The Kentucky Attorney General's office is reviewing a state citation stemming from the way officials at a Danville nursing home responded to allegations that a former male nurse's aide tried to suffocate one resident and, weeks later, lay in bed with and kissed another.
The Type A citation, the state's most serious, was issued Aug. 30 against Charleston Health Care Center by the Cabinet for Health and Family Services Office of Inspector General. A Type A citation indicates that a resident's life or safety has been endangered because of violations of state regulations.
The citation, which was obtained by the Herald-Leader through the state's Open Records Law, says Charleston Health Care Center's staff failed to immediately report the allegations to the administrative staff after the alleged incidents on July 20 and Aug. 10. It also said the administrative staff failed to conduct a thorough investigation and failed to report all allegations of abuse to the appropriate state agencies.
The Cabinet for Health and Family Services sends all Type A citations to Attorney General Jack Conway's office, whose Office of Medicaid Fraud and Abuse Control decides whether to refer the case to local prosecutors.
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Shelley Johnson, a spokeswoman for Conway's office, said Friday that the citation, received Sept. 1, is under review.
Nursing home officials, who fired the nurse's aide after the alleged kissing incident on Aug. 10, are appealing the Type A citation, said Lisa Hinkle, the nursing home's attorney. The appeal challenges "the factual findings of the Office of Inspector General," Hinkle said in a statement.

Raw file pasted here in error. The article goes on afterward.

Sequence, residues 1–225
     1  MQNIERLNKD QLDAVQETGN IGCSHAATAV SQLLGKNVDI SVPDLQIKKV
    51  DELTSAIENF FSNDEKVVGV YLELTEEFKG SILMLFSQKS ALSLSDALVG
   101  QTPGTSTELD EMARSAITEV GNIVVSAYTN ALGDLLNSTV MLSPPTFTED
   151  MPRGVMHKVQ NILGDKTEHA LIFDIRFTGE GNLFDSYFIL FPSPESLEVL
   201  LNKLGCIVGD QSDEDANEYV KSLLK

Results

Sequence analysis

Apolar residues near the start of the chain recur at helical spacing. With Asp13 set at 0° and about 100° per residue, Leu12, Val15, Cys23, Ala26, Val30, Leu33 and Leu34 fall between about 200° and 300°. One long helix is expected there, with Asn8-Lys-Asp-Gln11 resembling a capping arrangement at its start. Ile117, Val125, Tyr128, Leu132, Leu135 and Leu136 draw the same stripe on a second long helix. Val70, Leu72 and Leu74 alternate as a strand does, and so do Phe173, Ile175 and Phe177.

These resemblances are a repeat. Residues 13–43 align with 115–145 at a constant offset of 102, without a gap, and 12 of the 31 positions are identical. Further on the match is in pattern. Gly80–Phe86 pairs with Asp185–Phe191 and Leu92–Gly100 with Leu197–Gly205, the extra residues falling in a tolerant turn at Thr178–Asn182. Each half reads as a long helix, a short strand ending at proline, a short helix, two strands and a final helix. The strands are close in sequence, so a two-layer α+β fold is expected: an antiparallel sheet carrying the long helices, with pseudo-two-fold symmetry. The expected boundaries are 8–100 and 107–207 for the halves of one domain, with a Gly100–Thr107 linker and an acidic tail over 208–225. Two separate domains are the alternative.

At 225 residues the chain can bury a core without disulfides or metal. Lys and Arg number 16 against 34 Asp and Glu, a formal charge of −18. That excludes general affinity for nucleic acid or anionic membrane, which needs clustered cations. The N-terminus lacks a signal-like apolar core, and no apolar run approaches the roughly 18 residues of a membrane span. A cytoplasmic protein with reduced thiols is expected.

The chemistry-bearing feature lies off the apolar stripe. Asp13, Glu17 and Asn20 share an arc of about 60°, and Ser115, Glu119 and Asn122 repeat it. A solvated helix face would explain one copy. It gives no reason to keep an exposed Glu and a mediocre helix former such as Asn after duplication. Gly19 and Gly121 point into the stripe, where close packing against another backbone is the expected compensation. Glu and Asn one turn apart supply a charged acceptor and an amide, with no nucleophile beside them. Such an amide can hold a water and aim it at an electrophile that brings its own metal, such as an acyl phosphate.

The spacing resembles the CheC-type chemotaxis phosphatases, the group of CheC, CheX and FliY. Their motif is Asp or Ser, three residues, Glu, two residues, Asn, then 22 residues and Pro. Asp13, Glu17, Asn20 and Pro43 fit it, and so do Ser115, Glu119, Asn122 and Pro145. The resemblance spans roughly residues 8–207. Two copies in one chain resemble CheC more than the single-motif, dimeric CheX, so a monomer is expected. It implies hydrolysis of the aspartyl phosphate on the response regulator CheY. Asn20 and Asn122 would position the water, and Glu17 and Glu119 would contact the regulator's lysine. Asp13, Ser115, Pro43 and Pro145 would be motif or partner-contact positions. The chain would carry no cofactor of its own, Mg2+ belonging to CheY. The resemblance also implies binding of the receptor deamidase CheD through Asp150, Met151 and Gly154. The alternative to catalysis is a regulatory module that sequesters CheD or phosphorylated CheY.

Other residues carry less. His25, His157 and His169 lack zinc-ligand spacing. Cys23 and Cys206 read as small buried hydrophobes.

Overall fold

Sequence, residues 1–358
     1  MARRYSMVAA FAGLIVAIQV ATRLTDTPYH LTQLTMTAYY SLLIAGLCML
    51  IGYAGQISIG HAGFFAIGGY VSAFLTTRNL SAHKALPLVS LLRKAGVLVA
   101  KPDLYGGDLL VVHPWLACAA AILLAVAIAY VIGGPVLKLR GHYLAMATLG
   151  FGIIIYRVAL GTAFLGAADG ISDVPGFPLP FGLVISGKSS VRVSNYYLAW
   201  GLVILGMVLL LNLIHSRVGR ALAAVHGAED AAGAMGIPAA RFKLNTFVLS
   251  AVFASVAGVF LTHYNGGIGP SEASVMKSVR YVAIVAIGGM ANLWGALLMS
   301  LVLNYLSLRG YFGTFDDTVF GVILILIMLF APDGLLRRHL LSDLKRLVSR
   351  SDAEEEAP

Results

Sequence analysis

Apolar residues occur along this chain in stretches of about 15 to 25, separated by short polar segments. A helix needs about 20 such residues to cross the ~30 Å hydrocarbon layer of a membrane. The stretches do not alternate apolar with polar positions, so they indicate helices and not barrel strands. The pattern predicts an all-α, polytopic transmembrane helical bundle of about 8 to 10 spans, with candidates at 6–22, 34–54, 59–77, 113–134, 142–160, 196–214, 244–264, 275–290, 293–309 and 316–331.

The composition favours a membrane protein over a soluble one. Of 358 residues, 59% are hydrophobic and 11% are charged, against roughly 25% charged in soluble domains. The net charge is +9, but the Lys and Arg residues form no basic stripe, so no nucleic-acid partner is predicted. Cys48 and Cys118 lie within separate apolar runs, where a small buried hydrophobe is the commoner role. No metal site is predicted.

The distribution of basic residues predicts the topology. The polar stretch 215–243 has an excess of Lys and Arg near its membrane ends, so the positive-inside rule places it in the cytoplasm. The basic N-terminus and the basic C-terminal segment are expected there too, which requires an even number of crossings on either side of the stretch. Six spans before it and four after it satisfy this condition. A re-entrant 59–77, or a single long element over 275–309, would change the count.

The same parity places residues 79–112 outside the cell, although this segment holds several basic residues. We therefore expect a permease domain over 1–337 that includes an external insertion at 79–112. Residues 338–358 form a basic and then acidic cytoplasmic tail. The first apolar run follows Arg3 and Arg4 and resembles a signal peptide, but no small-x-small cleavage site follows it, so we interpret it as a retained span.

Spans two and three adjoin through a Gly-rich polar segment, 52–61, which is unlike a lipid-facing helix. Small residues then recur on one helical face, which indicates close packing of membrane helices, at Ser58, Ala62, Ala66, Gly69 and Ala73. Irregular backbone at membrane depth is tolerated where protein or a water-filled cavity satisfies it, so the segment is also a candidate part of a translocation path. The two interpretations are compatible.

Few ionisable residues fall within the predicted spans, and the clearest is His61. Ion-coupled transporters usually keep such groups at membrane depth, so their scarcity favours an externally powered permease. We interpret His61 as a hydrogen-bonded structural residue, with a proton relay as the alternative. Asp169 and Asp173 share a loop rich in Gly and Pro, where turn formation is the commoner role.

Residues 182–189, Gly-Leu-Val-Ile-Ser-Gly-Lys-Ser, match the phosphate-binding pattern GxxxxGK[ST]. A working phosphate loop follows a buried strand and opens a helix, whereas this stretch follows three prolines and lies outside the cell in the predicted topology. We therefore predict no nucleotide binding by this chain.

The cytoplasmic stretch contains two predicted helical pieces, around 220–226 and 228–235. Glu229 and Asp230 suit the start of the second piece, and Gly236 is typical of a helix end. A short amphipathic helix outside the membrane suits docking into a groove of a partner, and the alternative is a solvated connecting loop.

"None of the allegations of abuse arising out of the facts in the Type A citation were substantiated," Hinkle said. She declined to discuss details of the appeal further because the matter is pending but, she said, "it is also important to know that Charleston has provided quality nursing- facility care to its residents for a very long time."
The nursing home is owned by Marlin K. Sparks Management, according to state records.
Marlin K. Sparks, who identified himself as president, said via email, "We are still not certain that the actions of July 20 actually did happen."
"Employees have rights, as well, and to be positive about an incident is most important," he wrote. "We deal with people who make statements who are not always factual. We take care of frail, elderly individuals who are not always lucid. When we did actually witness an incident, the employee was removed immediately."
The citation and other documents say that on July 20, a resident who was admitted in 2010 to the nursing home with a head injury and schizophrenia told nursing home staff that the male aide "placed a pillow over the resident's face in an attempt to suffocate the resident, and then hit the resident four times, twice on each side of the head." It's not clear whether the resident was male or female.
The nurse's aide worked for three more days, a report says. The nursing home had a policy that called for suspension of employees accused of abuse. The nurse's aide was suspended for two days while nursing home officials investigated.
According to the nursing home's written response to the state, nursing home officials and the resident's family said the allegation did not appear to be true because of the "resident's mental status and frequent statements that did not reflect reality."
The assistant administrator told investigators that the resident recanted the story, state documents said.
However, investigators heard from a certified medical assistant who said the resident had a small facial bruise that was not there the previous day. A nurse told investigators that the resident's story sounded convincing, according to the documents.